AbstractBackgroundChronic primary musculoskeletal pain (CPMP) is one subcategory of the new classification of chronic primary pain for the upcoming ICD-11, defined as chronic pain in the muscles, bones, joints, or tendons that persists or recurs for more than 3 months and is associated with significant emotional distress or functional disability. An array of pharmacological, psychological, physical, complementary, and rehabilitative interventions is available for CPMP, for which previous research has demonstrated varying effect sizes with regard to effectiveness in pain reduction and other main outcomes. This highlights the need for the synthesis of all available evidence. The proposed network meta-analysis will compare all available interventions for CPMP to determine the best treatment option(s) with a focus on efficacy and safety of interventions.MethodsWe are interested in comparing interventions of the following types: psychological, pharmacological, physical, complementary, and rehabilitative interventions. We will include all randomized controlled trials that compare one intervention with another, or with a control group, in the treatment of CPMP. Primary efficacy outcomes will be pain intensity, emotional distress, and functional disability. Safety outcomes extracted will include proportion of patients with treatment-emergent adverse events, unwanted events, or drop-out rates due to side effects. Published and unpublished trials will be sought through the search of all relevant databases and trial registries. At least two independent reviewers of the team will select the references and extract data independently. We will assess the risk of bias of each individual study using the Cochrane risk of bias assessment tool. We will conduct a network meta-analysis to synthesize all evidence for each outcome. We will fit our model primarily within a Bayesian framework.DiscussionCPMP is a disabling condition for which several interventions exist. To our knowledge, this is the first network meta-analysis to systematically compare all available evidence. This is required by national health institutions to inform their decisions about the best available treatment option(s) with regard to efficacy and safety outcomes.Systematic review registrationPROSPEROCRD42018096114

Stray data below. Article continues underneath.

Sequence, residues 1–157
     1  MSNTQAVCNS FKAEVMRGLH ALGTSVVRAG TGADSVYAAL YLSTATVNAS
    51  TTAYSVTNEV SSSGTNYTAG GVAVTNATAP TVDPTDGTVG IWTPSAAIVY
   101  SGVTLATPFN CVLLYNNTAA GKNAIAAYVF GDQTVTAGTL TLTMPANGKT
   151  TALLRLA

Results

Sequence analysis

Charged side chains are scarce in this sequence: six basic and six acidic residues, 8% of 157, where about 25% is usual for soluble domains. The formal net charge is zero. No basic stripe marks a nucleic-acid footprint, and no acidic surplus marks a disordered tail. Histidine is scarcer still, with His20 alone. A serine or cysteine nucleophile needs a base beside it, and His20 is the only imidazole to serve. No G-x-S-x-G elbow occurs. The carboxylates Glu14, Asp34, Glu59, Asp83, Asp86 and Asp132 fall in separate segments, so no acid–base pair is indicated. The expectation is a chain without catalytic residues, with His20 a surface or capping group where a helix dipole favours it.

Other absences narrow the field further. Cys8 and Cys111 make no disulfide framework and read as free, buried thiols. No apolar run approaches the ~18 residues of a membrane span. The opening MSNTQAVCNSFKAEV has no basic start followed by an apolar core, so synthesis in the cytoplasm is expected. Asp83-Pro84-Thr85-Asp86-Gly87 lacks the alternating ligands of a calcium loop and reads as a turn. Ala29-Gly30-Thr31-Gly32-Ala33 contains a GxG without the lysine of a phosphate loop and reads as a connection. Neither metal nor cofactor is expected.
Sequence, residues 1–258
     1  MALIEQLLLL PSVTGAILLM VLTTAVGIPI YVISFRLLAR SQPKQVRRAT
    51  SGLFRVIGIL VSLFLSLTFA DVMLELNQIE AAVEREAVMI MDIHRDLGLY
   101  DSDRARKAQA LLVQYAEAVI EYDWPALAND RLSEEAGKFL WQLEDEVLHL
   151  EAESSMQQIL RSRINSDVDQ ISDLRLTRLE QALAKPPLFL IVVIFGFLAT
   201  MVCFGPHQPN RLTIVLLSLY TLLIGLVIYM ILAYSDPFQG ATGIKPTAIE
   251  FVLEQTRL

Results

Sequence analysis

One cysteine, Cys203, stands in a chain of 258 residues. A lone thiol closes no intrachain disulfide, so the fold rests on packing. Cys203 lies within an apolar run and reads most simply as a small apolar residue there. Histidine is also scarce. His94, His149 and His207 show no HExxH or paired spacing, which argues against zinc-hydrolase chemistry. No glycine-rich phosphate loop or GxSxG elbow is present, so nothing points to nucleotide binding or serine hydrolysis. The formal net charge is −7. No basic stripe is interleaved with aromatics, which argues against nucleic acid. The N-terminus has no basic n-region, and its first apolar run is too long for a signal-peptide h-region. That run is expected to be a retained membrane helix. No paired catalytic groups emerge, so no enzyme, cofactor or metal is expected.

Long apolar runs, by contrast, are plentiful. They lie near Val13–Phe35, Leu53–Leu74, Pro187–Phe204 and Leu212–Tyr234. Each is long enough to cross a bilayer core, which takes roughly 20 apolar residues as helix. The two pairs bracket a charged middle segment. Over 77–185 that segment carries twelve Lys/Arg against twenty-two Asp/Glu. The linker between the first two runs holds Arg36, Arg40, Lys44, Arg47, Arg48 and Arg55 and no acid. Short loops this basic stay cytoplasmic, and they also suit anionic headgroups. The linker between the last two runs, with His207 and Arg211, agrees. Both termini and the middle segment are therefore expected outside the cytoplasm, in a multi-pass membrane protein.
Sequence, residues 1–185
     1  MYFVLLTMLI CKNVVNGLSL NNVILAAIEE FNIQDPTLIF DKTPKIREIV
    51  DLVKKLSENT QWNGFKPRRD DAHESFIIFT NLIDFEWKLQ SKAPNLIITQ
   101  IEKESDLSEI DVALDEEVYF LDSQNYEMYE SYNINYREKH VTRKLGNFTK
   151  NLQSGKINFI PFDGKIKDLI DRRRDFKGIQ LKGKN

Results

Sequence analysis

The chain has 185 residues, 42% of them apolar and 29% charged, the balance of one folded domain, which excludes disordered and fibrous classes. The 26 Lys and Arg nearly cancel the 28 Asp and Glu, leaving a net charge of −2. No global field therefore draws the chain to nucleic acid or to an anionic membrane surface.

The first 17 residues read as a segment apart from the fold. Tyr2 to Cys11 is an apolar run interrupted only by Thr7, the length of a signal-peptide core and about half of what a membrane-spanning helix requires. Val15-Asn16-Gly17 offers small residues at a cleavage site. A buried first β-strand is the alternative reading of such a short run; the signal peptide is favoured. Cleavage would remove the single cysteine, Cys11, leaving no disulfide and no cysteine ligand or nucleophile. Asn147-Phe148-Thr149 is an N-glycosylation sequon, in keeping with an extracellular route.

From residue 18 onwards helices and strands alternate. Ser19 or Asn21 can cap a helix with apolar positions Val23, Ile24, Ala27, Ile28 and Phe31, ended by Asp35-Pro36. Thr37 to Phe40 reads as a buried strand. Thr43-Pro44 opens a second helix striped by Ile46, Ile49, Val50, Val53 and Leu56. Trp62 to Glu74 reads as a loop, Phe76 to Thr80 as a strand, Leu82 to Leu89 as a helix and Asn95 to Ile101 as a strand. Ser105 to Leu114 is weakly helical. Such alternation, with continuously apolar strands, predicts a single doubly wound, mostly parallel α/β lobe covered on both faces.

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Systematic Reviews







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School of Psychology